July is Lakes Appreciation Month all over the United States. We work on lakes, play on them, and drink from them–but do people take time to really appreciate the local lakes, ponds, or drinking water source of the watershed? All 6,000 Maine lakes and ponds provide critical habitat for other living creatures – aquatic macroinvertebrates, plankton, fish, wildlife and vegetation – and those ponds and lakes need protection so that clean fresh water continues to be one of Maine’s premier natural resources. Lakes Appreciation Month is a time to think about where we all would be without water. It is also a time to think about the threats facing lakes and ponds; growing population, development, and invasive plants and animals put stress on these waterbodies. All life relies on water, and yet it is often taken for granted that these water resources will always be there and always be usable.
There are two easy ways to help keep local ponds and lakes healthy. One is to join the Courtesy Boat Inspection (CBI) volunteer team for Biscay Pond and Pemaquid Pond through Pemaquid Watershed Association (PWA), or for Damariscotta Lake through Damariscotta Lake Watershed Association (DLWA). Voluntary inspections reduce the spread of invasive aquatic plants by boats, trailers, and associated equipment to Maine waters; trained Courtesy Boat Inspectors describe to boaters the risk posed by invasive aquatic plants, show boaters how to inspect and remove vegetation from boating and fishing equipment, and answer questions regarding the invasive aquatic plants. All CBI volunteers receive training, a Courtesy Boat Inspector tee shirt, and materials and information to pass out to boaters. There are shifts available for new CBI volunteers. Come spend two hours at the water’s edge, meet nice folks, and help keep invasive plants out of the ponds.
Another way to protect local ponds and lakes is through the LakeSmart Program, an education and reward program for lakefront property owners who maintain homes in ways that protect lake water quality and property values. Administered by the Maine Lakes Society and conducted locally, the program focuses on lakefront property owners by educating, assisting, and recognizing those who maintain their shorefront land using measures that manage storm water on site and prevent groundwater flows of septic effluent to lakes. It is a free program and participation is simple. Contact PWA or DLWA to arrange a LakeSmart visit by a trained screener who will provide you with information and recommendations on how to live lightly on the land in order to protect the lake. No one wants to live on a green algae filled lake, and keeping the fragile pond ecosystems healthy fosters high property values.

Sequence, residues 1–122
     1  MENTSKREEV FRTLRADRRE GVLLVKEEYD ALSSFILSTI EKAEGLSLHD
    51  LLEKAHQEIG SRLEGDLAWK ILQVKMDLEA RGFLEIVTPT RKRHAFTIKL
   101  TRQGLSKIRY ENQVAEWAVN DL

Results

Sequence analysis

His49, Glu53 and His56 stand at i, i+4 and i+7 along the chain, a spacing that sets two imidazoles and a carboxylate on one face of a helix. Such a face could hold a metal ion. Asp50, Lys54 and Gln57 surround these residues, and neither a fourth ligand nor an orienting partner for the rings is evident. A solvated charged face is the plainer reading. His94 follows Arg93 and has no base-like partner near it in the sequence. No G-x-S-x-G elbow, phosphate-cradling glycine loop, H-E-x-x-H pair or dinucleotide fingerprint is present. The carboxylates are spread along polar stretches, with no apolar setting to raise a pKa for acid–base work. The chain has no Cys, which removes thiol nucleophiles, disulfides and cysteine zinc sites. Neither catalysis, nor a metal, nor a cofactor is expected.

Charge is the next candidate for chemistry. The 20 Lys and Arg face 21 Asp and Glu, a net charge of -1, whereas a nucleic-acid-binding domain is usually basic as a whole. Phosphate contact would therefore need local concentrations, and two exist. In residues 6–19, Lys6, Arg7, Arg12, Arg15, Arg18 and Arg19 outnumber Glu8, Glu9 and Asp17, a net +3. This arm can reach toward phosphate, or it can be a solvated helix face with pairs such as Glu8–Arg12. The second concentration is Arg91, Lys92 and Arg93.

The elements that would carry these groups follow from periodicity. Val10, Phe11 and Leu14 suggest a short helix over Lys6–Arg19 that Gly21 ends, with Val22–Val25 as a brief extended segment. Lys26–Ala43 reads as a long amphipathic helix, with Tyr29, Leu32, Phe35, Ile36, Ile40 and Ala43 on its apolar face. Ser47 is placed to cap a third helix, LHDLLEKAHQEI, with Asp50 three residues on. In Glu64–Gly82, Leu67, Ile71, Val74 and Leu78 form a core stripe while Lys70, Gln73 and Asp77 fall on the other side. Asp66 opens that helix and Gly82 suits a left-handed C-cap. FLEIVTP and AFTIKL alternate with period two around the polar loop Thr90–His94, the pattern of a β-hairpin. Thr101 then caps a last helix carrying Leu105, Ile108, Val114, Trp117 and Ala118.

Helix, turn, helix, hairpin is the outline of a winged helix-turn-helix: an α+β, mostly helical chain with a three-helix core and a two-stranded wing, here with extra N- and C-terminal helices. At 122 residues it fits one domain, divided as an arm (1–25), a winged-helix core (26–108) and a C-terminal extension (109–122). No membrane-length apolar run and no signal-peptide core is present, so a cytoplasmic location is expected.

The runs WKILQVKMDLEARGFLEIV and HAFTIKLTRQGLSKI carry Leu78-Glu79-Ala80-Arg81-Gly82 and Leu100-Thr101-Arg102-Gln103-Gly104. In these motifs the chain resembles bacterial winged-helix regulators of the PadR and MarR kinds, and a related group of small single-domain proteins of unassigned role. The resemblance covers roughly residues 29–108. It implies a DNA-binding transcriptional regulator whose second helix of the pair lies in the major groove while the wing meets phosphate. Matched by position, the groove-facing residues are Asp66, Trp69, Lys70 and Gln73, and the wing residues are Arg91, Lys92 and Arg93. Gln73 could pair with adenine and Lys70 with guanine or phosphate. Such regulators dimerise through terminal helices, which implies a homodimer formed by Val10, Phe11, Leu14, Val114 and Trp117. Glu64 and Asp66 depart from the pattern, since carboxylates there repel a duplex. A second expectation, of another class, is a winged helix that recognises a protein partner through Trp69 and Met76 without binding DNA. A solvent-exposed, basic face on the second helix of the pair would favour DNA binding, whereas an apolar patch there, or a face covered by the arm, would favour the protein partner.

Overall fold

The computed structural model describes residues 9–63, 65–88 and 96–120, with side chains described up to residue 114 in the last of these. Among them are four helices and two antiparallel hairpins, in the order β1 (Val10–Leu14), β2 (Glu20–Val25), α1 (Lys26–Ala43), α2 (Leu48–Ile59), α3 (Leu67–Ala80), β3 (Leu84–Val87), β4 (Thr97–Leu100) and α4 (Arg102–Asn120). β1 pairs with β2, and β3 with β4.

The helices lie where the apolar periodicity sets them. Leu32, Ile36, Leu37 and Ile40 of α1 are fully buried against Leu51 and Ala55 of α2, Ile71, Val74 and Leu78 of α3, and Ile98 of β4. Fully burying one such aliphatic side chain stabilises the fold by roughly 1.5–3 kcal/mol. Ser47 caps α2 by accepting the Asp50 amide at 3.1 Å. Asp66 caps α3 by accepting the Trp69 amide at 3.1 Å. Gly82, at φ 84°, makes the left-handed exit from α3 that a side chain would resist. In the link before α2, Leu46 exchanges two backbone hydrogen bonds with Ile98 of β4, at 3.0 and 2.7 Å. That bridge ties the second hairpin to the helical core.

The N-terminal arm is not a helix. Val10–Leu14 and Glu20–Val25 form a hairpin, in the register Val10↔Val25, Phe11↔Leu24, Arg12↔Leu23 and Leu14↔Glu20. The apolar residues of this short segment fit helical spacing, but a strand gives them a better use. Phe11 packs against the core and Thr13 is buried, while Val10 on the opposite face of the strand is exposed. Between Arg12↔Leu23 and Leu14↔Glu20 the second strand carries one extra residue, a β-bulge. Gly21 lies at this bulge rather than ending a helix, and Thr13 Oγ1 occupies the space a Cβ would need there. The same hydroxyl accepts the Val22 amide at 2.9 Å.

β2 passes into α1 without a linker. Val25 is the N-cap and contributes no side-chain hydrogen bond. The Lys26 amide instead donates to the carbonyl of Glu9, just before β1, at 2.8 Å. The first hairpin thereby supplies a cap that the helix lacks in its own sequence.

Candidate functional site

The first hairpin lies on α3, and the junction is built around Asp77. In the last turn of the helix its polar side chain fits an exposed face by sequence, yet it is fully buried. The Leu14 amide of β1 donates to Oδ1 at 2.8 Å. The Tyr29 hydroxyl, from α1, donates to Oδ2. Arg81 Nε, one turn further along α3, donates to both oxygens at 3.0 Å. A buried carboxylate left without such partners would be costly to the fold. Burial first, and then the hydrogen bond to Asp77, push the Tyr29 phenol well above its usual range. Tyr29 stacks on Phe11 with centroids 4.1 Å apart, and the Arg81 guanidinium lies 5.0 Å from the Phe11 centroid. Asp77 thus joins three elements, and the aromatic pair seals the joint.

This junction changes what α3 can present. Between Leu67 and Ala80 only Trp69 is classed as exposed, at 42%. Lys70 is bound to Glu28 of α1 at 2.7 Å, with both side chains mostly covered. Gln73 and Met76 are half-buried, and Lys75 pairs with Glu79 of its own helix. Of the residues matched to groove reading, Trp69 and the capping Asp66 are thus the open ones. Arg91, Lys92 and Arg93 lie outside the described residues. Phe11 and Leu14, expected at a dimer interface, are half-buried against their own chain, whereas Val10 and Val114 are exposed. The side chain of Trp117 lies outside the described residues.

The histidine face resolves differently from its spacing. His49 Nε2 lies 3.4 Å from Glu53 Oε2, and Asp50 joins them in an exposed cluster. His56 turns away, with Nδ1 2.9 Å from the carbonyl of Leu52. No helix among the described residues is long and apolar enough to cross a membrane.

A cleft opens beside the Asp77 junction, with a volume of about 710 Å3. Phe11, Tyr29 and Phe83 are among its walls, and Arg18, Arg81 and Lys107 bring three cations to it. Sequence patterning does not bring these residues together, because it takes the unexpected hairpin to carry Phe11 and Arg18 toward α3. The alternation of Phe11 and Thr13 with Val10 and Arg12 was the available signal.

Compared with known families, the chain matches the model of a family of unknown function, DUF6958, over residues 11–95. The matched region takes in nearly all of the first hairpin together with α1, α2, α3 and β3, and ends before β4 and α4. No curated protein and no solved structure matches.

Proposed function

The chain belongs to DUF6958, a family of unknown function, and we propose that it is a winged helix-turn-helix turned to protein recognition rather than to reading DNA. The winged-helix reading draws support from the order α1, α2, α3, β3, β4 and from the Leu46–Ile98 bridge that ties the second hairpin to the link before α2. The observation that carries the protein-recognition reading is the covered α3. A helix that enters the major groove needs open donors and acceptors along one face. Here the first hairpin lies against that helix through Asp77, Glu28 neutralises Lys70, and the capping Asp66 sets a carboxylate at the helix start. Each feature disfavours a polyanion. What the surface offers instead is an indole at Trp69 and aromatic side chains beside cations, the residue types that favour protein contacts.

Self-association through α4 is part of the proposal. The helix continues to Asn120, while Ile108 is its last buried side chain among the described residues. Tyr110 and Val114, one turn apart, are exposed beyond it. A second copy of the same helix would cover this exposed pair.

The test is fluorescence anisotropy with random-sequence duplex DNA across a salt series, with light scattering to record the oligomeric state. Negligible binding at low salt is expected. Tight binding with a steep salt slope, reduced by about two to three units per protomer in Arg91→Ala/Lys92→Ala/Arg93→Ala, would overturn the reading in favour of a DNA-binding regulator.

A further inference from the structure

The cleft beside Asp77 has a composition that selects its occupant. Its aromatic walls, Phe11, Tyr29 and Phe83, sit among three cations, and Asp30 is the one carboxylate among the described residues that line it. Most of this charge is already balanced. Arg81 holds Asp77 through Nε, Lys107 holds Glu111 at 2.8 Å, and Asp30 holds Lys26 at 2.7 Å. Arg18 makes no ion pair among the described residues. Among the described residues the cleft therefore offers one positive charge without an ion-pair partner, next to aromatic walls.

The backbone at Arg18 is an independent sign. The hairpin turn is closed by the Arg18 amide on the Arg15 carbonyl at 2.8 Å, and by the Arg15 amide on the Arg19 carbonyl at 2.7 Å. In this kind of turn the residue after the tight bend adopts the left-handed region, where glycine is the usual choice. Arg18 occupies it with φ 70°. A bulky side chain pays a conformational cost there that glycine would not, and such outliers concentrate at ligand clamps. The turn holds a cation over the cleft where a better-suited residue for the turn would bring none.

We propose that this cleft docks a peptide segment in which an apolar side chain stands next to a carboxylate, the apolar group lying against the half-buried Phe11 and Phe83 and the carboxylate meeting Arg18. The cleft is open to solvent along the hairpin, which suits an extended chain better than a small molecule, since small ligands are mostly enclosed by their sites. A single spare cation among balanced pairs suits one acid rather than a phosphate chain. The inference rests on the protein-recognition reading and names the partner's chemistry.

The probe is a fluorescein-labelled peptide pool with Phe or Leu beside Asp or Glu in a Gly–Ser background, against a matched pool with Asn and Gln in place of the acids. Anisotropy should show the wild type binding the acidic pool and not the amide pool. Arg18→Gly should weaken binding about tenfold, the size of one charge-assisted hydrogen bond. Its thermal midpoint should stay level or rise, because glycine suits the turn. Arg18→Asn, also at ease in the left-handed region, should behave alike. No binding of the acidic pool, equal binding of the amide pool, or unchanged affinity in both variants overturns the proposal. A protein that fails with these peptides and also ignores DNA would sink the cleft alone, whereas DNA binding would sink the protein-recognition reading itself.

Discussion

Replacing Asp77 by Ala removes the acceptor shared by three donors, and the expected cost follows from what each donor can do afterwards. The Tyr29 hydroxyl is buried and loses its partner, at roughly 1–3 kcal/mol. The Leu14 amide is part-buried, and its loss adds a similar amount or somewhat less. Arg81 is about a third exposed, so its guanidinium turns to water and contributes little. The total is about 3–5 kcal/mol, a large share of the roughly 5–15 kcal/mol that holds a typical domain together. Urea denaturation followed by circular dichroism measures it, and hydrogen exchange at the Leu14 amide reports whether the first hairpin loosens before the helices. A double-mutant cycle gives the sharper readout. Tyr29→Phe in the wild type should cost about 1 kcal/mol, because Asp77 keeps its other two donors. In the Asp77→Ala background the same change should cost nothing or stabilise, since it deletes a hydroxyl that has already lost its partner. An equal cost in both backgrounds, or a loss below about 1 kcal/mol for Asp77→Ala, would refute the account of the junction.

Lakes Appreciation Month is also a good time to set aside a week, a day or even just an hour to celebrate a favorite waterbody. Here are some ideas: help monitor local waterbodies or watershed with PWA or DLWA; visit a local lake, pond, or reservoir with friends and family; go boating, kayaking, canoeing, sailing or rowing; go swimming or SCUBA diving; go fishing; help arrange a lake clean-up event; go birding or take pictures at a lake or pond; and sign a letter to the Governor to ask to proclaim July as Lake Appreciation Month in Maine. To sign: http://www.nalms.org/home/programs/lakes-appreciation-month/lakes-appreciation-month-letter/lakes-appreciation-month-letter.cmsx. You can also join the North American Lakes Management Society (NALMS) Show Your Lakes Appreciation Challenge to promote and encourage support for Lakes Appreciation Month. For more information on the fun challenge, go to: http://www.nalms.org/home/programs/lakes-appreciation-month/show-your-lakes-appreciation-challenge/show-your-lakes-appreciation-challenge.cmsx.
Contact PWA or DLWA for more information concerning the programs to protect the watershed. PWA and DLWA always enjoy working in collaboration to support their missions. Both organizations are volunteer-based, membership-supported, non-profit organizations.